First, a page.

>!-- --> Let’s Boogie - National Archives Foundation

Archives Experience Newsletter - April 30, 2024

  • Let’s Boogie

April is Jazz Appreciation Month, and we want to join the celebration and tip our hats to this uniquely American art form. Born out of the South in the early 20th century, jazz has infused the musical scene with a rhythm and sound like no other. Presidents throughout the past century have been fans, including Reagan, Carter, and Clinton.

In this issue

Nat King Cole
In his own voice…
Ella Fitzgerald
The Queen sung for Kings…
Louis Armstrong
The Ambassador of Jazz…
Duke Ellington
Carrying the message of freedom…

Nat King Cole

In a 1956 interview, jazz legend Nat King Cole was asked which albums he would take with him if he were shipwrecked alone on a desert island. He replied, “I can’t [re]call the songs that I would actually take, but I would tell you the three artists I would take with me if I had to choose between, that would be Ella Fitzgerald, Louis Armstrong, and Duke Ellington.” He goes on to discuss hobbies, sports, and his daughter Natalie. You can listen to this delightful interview here.

Interview with Nat King Cole
(13 minutes 24 seconds)
National Archives Identifier: 120209

Natalie Cole
National Archives Identifier: 75854349

While Nat King Cole was not an activist and remained on the periphery of the Civil Rights movement for much of his career, we found this exhibit from the court case Abernathy v. Patterson involving Martin Luther King, Jr. The advertisement calls for support of the Civil Rights movement and is signed by 100 prominent citizens, including Nat King Cole.

Petition signed by Nat King Cole
National Archives Identifier: 2641477

Ella Fitzgerald

Sometimes called “The Queen of Jazz,” Ella Fitzgerald was awarded the National Medal of Arts, an award given to individuals or groups whom the President deems deserving of special recognition “by reason of their outstanding contributions to the excellence, growth, support, and availability of the arts in the United States.” The photo below captures this momentous occasion in 1987.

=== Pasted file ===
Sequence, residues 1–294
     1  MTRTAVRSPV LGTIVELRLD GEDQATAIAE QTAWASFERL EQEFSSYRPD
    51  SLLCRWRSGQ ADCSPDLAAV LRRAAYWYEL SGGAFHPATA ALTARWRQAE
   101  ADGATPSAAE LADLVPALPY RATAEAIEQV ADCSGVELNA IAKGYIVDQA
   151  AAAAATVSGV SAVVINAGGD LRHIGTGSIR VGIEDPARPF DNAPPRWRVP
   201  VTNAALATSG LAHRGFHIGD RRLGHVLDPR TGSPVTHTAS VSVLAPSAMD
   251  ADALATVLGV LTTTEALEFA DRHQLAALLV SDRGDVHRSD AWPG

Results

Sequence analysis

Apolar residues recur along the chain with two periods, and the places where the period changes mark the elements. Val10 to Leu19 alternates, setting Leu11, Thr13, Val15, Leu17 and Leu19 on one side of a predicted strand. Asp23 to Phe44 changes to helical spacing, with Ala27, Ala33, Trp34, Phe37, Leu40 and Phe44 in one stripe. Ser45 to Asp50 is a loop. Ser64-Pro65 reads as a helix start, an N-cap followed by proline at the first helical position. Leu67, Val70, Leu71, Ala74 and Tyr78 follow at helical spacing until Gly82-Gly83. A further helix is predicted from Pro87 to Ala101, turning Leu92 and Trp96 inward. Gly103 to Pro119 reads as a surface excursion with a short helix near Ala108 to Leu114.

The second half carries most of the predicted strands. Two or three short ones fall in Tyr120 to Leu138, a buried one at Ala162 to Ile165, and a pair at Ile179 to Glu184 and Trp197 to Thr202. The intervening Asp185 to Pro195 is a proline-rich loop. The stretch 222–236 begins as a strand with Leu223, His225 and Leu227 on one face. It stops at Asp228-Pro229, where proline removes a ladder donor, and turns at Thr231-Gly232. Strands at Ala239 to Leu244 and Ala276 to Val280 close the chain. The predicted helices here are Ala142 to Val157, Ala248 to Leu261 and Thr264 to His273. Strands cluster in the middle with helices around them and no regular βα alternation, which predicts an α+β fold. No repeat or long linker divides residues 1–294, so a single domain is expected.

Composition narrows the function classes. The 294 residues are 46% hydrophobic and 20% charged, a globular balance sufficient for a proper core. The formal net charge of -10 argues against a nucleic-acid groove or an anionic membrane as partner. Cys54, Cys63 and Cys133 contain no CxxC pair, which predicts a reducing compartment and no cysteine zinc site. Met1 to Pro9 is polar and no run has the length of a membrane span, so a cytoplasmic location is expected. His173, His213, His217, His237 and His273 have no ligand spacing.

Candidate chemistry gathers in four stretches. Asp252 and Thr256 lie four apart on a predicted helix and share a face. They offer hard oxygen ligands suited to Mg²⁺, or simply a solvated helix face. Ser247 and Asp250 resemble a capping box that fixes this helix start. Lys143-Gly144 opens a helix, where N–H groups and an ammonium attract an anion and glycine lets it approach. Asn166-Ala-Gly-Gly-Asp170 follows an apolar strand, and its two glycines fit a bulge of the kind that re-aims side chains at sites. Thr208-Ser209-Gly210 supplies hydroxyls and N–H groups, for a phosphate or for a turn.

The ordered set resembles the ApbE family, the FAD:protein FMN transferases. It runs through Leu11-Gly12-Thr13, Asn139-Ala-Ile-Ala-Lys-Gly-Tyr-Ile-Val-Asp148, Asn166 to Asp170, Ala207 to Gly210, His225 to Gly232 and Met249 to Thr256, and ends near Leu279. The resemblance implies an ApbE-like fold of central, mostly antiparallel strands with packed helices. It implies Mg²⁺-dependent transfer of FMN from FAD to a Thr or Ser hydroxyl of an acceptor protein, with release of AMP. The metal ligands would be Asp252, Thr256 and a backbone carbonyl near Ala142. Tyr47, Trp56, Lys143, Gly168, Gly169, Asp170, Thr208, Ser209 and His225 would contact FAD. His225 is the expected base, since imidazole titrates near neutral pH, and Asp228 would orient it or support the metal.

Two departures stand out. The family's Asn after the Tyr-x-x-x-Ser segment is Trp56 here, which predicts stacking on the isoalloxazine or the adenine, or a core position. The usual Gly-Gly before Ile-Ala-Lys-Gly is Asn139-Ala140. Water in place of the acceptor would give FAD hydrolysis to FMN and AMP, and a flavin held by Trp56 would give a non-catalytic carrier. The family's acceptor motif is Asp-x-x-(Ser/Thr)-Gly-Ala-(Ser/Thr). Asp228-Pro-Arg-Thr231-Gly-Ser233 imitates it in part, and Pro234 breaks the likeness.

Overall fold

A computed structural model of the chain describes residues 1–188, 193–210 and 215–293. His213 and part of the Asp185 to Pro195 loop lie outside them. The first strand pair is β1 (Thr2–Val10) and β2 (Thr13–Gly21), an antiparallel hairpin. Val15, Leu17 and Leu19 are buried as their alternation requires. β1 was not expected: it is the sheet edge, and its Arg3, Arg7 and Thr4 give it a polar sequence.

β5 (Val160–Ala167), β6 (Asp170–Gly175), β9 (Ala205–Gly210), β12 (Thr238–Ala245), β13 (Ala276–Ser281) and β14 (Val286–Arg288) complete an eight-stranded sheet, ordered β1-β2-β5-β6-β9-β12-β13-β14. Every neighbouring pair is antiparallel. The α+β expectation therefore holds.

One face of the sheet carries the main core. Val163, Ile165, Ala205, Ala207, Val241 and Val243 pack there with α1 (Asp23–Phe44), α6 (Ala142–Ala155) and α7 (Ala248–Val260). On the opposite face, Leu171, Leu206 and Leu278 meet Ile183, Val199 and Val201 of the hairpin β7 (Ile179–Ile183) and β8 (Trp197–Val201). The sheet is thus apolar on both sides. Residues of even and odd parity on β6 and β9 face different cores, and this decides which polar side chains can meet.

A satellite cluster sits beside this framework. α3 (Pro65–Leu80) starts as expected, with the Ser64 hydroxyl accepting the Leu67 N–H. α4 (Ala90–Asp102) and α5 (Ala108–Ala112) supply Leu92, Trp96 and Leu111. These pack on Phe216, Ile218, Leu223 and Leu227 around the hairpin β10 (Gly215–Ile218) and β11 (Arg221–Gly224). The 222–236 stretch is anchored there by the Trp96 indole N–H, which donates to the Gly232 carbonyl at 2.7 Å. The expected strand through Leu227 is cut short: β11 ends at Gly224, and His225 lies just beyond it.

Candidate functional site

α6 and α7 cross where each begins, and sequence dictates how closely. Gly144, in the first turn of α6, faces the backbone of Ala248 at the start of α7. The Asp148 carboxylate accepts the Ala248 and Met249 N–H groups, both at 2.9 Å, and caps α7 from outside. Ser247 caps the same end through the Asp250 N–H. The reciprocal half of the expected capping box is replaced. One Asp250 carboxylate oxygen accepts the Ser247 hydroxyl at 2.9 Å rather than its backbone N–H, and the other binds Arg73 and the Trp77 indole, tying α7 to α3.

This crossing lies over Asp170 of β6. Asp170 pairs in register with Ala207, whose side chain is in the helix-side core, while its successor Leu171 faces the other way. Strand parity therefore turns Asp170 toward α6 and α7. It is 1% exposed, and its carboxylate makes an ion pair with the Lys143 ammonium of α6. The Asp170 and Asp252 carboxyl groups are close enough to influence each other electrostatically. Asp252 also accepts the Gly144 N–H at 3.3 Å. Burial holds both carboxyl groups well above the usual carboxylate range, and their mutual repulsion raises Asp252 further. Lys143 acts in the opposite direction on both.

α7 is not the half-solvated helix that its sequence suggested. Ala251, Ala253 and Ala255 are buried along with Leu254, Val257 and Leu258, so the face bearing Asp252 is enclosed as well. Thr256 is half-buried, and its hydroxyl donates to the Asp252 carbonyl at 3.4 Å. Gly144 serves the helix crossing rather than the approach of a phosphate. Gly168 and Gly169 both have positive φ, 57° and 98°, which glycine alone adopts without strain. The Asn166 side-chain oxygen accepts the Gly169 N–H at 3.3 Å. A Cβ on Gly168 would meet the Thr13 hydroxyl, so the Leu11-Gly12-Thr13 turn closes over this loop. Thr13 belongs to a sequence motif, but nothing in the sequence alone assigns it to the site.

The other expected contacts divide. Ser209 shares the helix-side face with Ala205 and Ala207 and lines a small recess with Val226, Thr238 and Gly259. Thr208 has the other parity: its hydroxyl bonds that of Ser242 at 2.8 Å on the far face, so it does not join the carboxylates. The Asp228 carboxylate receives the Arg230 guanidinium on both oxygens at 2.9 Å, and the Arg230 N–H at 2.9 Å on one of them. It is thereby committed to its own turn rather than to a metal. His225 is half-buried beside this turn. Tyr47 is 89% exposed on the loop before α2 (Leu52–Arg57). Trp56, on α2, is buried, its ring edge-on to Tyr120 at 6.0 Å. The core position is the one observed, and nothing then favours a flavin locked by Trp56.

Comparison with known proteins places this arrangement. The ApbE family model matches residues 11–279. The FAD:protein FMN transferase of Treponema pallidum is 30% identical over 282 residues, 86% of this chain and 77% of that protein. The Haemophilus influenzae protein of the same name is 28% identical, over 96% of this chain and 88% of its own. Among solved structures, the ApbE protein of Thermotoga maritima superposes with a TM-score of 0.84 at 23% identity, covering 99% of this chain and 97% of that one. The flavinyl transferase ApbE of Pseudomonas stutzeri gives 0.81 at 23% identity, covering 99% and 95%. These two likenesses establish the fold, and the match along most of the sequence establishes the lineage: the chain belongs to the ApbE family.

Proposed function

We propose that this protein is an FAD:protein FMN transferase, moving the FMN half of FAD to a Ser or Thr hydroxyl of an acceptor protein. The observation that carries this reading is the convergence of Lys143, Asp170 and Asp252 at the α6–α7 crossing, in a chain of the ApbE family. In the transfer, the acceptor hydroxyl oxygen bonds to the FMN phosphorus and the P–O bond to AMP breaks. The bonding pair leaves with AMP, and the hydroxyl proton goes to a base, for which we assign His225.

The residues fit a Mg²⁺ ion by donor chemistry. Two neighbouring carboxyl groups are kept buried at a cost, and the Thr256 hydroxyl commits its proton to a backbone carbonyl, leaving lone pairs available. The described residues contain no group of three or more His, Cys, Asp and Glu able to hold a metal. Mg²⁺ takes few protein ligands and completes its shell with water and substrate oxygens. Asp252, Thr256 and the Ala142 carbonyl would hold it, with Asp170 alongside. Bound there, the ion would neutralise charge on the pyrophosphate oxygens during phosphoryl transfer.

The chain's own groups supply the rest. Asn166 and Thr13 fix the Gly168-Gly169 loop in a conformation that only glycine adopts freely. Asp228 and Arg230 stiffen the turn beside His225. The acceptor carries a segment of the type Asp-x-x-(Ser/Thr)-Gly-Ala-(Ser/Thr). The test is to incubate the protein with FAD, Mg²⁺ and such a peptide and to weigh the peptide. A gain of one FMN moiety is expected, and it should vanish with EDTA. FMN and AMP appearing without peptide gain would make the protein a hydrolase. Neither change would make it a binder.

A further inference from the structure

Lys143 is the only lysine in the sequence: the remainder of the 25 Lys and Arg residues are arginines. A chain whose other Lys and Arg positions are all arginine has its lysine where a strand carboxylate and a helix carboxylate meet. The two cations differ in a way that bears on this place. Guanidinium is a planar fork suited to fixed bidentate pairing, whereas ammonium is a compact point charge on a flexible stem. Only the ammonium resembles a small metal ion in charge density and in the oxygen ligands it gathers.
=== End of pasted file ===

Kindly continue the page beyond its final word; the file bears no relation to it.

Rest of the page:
Reagan presenting the medal to Ella
National Archives Identifier: 75855545

Ella Fitzgerald also performed in the East Room of the White House during the state dinner for King Juan Carlos I of Spain. You can listen to the recording of the 1981 performance below.

Ella recording of performing at white house – opens with Honeysuckle Rose
(40 minutes 53 seconds)
National Archives Identifier: 161344192

Ella’s performance in the East Room
National Archives Identifier: 75855955

Ella’s version of “Let is Snow” is also listed as #3 on the Holidays with the Bidens playlist.

National Archives Identifier: 236742416

Louis Armstrong

Known as “Satchmo,” Louis Armstrong is considered one of the most influential figures in jazz. His song list spans decades, with “What a Wonderful World” being one of the most recognized songs in his collection. The song has been featured in many films and TV shows and has been adapted across musical genres. It is also one of Billboard’s top 500 songs of all time. Take a listen to reel 2 to hear Louis playing his song “Satchel Mouth Swing” on the popular Armed Forces Radio Service program GI Jive.

Louis Armstrong poster
National Archives Identifier: 6948729

Recording of GI Jive
(7 minutes 41 seconds)
National Archives Identifier: 178210630

Louis Armstrong was among nearly 24 million men aged 18–45 who registered for the draft during 1917-1918, a requirement of the new Selective Service System, although he did not serve in World War I. Armstrong’s draft card and military service record can be seen below. Notice that on the draft card, his first name is recorded incorrectly as Lewis. His date of birth was also recorded incorrectly as July 4, 1900. Armstrong was actually born on August 4, 1901.

Louis Armstrong draft card
National Archives Identifier: 596218

Military Service Record of Louis Armstrong
National Archives Identifier: 113515303

Duke Ellington

Born in Washington, D.C., Edward Kennedy “Duke” Ellington was a jazz pianist, composer, and bandleader. On April 29, 1969, Duke Ellington was honored with the Presidential Medal of Freedom by President Richard Nixon. In Nixon’s words, “When we think of freedom, we think of many things. But Duke Ellington is one who has carried the message of freedom to all the nations of the world through music, through understanding, understanding that reaches over all national boundaries and over all boundaries of prejudice and over all boundaries of language.”

Nixon/Ellington – Medal of Freedom

Ellington Birthday Celebration/Nixon
National Archives Identifier: 194290

On April 13, 1950, Ellington gave a concert in Paris at the Palais de Chaillot. As seen in the file from the Paris Bureau of the New York Times below, the translated text reads, “Duke Ellington gave his first concert at the Palais de Chaillot. Paris April 13,1950. It was yesterday night that the famous conductor Duke Ellington gave his first concert of jazz music, accompanied by his sound ensemble noir, at the Palais de Chaillot, with great success. The ‘Duke’ left his piano for a moment to conduct the orchestra.”

Paris NYT – first concert in Paris
National Archives Identifier: 276537834

While these are just a few of the legends, we celebrate all the jazz greats throughout history. Keep being brassy and sassy.

become a member, join the National Archives Foundation
subscribe to the newsletter